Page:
Abilene Reporter News, October 8, 1938 : Front Page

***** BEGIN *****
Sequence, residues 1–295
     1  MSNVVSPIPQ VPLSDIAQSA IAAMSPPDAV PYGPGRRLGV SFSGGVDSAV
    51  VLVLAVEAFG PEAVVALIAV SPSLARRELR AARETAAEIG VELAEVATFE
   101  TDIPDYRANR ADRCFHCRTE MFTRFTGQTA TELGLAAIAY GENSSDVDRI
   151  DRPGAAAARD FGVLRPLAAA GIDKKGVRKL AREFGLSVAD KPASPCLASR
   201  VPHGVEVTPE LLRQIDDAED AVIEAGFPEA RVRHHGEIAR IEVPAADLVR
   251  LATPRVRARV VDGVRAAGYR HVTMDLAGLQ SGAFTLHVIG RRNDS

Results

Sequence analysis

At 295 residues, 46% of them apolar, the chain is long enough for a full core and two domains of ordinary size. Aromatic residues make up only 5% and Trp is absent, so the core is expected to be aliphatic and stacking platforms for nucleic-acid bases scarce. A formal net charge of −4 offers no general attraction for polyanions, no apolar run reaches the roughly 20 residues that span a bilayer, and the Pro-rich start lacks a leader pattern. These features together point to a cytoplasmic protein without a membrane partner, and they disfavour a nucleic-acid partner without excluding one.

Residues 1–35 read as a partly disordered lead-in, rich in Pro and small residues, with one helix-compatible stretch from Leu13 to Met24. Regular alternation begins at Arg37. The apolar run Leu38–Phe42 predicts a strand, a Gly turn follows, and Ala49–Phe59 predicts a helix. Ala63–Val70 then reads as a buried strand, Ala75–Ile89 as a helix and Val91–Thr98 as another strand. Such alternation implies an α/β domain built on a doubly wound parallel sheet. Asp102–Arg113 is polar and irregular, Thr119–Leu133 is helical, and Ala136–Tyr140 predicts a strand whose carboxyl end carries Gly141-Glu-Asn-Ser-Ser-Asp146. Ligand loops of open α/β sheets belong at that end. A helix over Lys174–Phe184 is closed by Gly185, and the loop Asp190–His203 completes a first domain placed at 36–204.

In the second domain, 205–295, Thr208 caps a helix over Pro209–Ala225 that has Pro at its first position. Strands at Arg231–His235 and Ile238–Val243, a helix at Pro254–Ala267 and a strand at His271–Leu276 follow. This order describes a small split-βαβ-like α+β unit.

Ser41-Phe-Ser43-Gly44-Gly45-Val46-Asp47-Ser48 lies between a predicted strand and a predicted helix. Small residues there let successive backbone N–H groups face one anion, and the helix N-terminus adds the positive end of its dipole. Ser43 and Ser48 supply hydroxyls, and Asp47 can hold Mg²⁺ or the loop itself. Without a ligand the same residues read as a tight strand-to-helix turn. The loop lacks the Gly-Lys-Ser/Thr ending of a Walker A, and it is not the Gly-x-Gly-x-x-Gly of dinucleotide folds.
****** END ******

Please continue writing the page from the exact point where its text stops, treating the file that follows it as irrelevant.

Publication: Abilene Reporter News October 8, 1938